Put down the Screen and Talk to Your Child by LeAnne Wood

POSTED BY on June 27, 2019

The infamous family road trip --once a place for traffic bingo, the alphabet game, counting cars of a particular color, and pointing out the scenery and wildlife has now become a place for dvd players, video games, and phones in hand. Unfortunately it’s not just the family vehicle, it’s the dinner table, and even the city park. Charlotte Forwood states “With digital technologies readily available and the advent of the "digital native", the amount of time children spend looking at screens has increased while other interactions have decreased.”

What is this doing to children’s oral and literacy skills? Studies are showing that our children who enter school without strong language skills are at risk for literacy difficulties.  One study showed that that a two-year-old's oral language skills can predict the same child's literacy skills at age 11. Another study suggested children need to hear 33 million words by the age of three. This research found that children in a language-rich environment were exposed to about 11 million words a year, while children from poor language environments were exposed to only 3 million – which lead to disadvantages before they even begin to learn to read and write.

Forwood continues, “Many other researchers have demonstrated clear links between oral language skills and general comprehension and literacy levels. Children need to hear others using words to express opinions, give explanations and provide insight into internal thinking. A good oral vocabulary is linked to high levels of reading comprehension and is necessary for development of high-level thinking skills such as analysing applying, evaluating and creating.”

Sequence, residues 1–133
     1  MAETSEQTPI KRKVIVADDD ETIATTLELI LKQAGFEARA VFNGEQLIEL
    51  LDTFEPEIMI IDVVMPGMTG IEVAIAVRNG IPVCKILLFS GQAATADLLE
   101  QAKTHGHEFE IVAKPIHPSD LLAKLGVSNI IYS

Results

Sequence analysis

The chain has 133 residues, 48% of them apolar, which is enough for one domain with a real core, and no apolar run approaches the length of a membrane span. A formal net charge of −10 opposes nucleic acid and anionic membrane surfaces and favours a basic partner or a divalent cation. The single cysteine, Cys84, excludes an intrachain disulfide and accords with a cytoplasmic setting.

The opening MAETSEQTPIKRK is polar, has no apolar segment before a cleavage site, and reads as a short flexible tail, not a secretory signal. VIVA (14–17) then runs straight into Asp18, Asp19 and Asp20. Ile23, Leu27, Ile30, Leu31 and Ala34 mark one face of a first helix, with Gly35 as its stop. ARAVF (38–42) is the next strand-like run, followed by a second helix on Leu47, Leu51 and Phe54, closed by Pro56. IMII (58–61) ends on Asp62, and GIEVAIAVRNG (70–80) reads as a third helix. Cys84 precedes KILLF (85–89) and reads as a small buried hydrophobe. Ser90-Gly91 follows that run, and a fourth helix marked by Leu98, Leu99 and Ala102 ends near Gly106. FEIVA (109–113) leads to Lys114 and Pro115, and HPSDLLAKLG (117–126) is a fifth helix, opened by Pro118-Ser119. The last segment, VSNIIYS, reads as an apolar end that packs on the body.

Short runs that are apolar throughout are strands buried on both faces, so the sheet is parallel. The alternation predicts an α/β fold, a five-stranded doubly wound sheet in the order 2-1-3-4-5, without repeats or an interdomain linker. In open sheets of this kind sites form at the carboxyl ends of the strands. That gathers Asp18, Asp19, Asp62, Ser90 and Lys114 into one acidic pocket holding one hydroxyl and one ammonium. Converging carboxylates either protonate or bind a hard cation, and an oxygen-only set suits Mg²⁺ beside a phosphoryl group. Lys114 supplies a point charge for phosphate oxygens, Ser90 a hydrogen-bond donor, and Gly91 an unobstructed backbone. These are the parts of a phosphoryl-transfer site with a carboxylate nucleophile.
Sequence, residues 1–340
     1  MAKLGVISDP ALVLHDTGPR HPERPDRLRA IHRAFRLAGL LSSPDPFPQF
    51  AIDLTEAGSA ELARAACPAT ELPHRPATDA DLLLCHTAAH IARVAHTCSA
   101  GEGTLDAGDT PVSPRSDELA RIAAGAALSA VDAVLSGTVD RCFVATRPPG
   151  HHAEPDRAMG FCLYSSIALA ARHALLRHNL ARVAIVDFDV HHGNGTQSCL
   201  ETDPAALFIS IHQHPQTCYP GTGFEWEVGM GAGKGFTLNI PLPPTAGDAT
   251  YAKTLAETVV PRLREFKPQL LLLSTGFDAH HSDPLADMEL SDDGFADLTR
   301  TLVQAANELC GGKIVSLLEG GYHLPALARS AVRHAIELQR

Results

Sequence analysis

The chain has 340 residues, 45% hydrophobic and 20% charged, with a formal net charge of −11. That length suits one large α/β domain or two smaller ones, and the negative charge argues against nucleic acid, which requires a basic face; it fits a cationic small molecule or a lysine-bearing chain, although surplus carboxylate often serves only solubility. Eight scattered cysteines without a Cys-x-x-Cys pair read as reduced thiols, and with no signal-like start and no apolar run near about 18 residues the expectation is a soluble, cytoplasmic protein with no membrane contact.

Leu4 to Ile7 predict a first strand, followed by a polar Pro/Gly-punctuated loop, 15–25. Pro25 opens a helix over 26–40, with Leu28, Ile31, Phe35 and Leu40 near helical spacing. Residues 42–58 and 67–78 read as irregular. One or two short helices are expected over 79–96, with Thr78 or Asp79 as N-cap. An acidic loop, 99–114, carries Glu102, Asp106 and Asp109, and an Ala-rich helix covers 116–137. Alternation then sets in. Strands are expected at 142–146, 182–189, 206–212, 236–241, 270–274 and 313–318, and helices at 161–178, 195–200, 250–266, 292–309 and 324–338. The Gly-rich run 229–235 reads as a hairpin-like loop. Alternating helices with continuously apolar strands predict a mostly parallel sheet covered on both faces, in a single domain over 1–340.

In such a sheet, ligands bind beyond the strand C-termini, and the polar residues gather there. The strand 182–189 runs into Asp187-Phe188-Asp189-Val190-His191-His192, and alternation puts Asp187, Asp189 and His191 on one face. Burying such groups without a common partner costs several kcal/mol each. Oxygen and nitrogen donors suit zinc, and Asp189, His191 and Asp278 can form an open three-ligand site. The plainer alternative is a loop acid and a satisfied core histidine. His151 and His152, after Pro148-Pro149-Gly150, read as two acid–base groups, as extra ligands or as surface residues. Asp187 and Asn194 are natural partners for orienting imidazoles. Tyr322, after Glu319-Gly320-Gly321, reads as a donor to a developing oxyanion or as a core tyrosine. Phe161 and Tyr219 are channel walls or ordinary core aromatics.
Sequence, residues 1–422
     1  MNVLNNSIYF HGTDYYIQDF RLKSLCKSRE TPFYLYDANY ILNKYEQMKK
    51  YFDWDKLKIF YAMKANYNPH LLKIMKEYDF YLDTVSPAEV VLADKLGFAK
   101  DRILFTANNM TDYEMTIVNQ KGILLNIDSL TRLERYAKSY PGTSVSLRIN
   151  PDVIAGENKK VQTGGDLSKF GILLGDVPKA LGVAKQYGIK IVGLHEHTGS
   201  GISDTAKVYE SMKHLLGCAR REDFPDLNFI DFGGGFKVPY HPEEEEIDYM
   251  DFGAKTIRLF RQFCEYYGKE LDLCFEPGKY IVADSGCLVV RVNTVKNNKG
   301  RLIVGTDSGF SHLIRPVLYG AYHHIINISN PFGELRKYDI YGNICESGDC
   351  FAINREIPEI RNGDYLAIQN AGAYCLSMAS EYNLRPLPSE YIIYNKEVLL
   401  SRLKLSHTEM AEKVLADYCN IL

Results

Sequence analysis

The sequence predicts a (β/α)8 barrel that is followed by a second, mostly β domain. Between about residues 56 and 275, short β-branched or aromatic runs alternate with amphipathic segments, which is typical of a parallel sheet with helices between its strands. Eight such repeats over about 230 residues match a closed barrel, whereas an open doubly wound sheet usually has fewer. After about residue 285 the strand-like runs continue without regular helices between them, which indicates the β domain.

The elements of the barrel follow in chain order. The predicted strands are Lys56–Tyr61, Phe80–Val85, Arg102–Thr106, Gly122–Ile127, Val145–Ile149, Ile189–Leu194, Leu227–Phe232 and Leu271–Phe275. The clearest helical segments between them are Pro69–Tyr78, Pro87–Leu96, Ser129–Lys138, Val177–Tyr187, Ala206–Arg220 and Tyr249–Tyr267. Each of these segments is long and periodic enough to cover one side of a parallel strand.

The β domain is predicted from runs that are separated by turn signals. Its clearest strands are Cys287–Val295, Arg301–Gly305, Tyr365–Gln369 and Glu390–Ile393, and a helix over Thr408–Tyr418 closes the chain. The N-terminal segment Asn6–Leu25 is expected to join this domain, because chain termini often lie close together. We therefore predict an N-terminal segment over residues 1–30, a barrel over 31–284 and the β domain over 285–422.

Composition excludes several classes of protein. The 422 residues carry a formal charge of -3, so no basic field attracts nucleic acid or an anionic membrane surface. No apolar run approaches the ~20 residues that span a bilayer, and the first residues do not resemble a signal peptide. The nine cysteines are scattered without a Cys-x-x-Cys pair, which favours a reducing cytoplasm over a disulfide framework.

It’s time to put down the screens and talk to your child!

  1. Talk to your babies and toddlers. Face-to-face, interaction is necessary for language development to occur. Children under the age of two have a difficult time transferring what they are learning from a screen into real life. Penelope Leach states, “Babies do not learn to speak by imitation, … what they need from adults is not easy speech but lots of two-way conversation.”
  2. Read to your babies and toddlers every day – multiple times a day. As you read, point to the pictures and name what you are seeing. Choose books about everyday experiences and feelings. Talk about what is happening in the pictures. Ask questions. What are they doing? What do you think is going to happen next? Let your toddler act out the story.
  3. Recite nursery rhymes and sing songs together. Encourage rhyming words. Researchers at the Center for Early Literacy Learning found that nursery rhyme experiences, awareness, and knowledge led to greater accomplishment in early phonological and print-related skills.
  4. Tell your babies and toddlers what you are doing. Are you heading to the store or grandma’s house? As you are bathing your baby point out the different parts of the body. As you feed your baby talk about the different foods you are eating. Encourage play that involves naming, describing, and communicating.